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Title: A model for an effective implementation of the government technology transfer policy in the Malaysian construction industry.
Author: Rashid, Rosli Abdul.
ISNI:       0000 0001 3508 6471
Awarding Body: University of Reading
Current Institution: University of Reading
Date of Award: 1998
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Technology transfer has been defined as a process whereby technology used by one organisation is deliberately and systematically conveyed to another organisation who use it adapt it and further develop it. It can only be considered to be successful when it profits the economic and social development of the recipient, and can be further duplicated, adapted and improved by this recipient. However, more often, due to Inadequate planning and ineffective implementation, technology transfer failed to deliver the desired aim and objectives. The main aim of this research is to study the technology needs of the 'industry in facing the changing environment, how the government's technology transfer policy is implemented Mi the Malaysian construction industry including examining its objectives and impact to the industry. The Malaysian construction industry is yet to formulate its own technology transfer policy or implementation plan. However, based on the National Science and Technology Policy, it can be said that the main objectives of the industry's technology transfer programme are to improve product, process, productivity and services, to enlarge the organisation's technology stock and to stimulate the growth of innovation and technology development. In order to meet the rapid economic, social and technological changes, it is necessary for the Malaysian construction industry to acquire the technology that will enhance the capability to design, manage and construct specialised engineering projects such as tunnels, dams and power plants and "high-tech" large/tall buildings. There is also an urgent need for a more innovative managerial, material and construction technology to simplify housing construction process so as to improve quality and reduce cost, time and skilled labour input. However, the focus of the programme has been on the development of "eye-catching" mega projects such as the Petronas Tower, Kuala Lumpur Tower and Kuala Lumpur International Airport. This tends to benefit only a few selected large local companies, which would not have the chance to apply the acquired technology again. This is because it is unlikely that projects of similar nature will be build again in the country in the near future. Nevertheless, the acquired design, management and construction technology can be adapted for use in the development of low and high-rise buildings or even in housing development. It is found that the industry's technology transfer programme was short of delivering the desirable objectives and can be considered to be partially successful. It has contributed towards the successful development of a number of well design and complex buildings and engineering structures. It has also helped to instigate a significant improvement to the managerial and technical capability of a number of large Malaysian companies, which have successfully ventured into business in oil and gas, power-supply and heavy engineering sectors or overseas markets. It has also contributed towards and increased use of "fast track" project delivery systems. Unfortunately, it has failed to stimulate any significant improvement to the overall efficiency and capacity of the industry or greater use of advanced construction and management technology among the rest of the industry. At the same time, research and development in construction technology and the associated management and marketing techniques remain very minimal The limited success of the industry's technology transfer programme can be attributed to the inadequate planning and ineffective implementation. Before 1995, Malaysian construction industry did not have a central co-ordinating body to properly plan, organise, co-ordinate and monitor its technology transfer programme or to formally organise the participation of the local universities, R&D establishments, contractors associations and professional bodies to support the "capturing" and dissemination of the given technology. The industry also failed to utilise the science and technology infrastructure, incentives and facilities made available by the government. The process of technology transfer at the project level has been limited to the informal "learning-by-doing" how to apply the technology in production process. The process of "capturing" the given technology which includes learning how to adapt or improve the technology, further studying the technology, gathering and centralising all data and information about the given technology and utilising them to develop new technology have been given less attention or totally ignored. Less effort has also been made to disseminate the acquired technology either in its original or improved state. It is proposed that the Technology Development Division of the Construction Industry Development Board assumed the responsibility of planning and co-ordinating the industry's technology transfer programme. This will involve studying the technology needs of the industry, formulating a clear objective, strategy and policy and comprehensive implementation plan for the programme. It has also to establishment an effective mechanism for greater collaboration among the government agencies, client organisations, universities, R&D establishments, contractors' associations and professional institutions.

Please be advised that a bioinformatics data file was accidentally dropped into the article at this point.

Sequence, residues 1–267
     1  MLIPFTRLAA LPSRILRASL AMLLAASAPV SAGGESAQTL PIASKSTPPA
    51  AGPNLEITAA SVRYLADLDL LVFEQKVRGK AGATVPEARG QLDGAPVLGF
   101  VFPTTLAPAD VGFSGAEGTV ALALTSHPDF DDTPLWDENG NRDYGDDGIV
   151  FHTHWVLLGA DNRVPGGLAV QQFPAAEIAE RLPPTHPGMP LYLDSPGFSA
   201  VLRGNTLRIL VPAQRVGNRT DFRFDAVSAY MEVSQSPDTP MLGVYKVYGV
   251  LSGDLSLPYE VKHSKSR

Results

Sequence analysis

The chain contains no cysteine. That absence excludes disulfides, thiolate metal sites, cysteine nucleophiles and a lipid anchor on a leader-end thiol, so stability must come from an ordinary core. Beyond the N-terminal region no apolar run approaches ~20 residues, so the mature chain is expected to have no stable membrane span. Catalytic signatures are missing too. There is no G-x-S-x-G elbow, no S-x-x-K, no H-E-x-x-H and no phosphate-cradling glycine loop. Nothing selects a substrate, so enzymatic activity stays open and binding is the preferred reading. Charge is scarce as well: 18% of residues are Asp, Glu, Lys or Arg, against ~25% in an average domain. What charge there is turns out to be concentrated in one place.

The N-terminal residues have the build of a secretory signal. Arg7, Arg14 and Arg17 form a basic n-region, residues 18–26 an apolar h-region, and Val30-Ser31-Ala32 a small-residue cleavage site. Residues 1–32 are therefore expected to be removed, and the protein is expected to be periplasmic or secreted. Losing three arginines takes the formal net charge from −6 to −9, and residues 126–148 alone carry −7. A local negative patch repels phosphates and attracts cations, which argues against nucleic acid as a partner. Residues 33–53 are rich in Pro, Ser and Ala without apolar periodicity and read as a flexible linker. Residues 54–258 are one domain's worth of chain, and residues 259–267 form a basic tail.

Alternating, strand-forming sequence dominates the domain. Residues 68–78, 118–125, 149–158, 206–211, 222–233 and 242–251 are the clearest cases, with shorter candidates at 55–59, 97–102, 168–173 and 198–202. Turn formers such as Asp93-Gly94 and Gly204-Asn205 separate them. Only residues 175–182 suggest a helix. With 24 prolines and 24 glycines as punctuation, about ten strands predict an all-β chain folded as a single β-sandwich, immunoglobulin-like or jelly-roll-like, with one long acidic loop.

Supervisor: Not available Sponsor: Not available
Qualification Name: Thesis (Ph.D.) Qualification Level: Doctoral
EThOS ID:  DOI: Not available
Keywords: collaboration ; construction industry development ; construction technology ; government ; housing development ; innovation ; labour ; learning ; markets ; participation ; policy ; production process ; productivity ; technology transfer ; client ; contractor ; professional ; market ; technological change ; Malaysia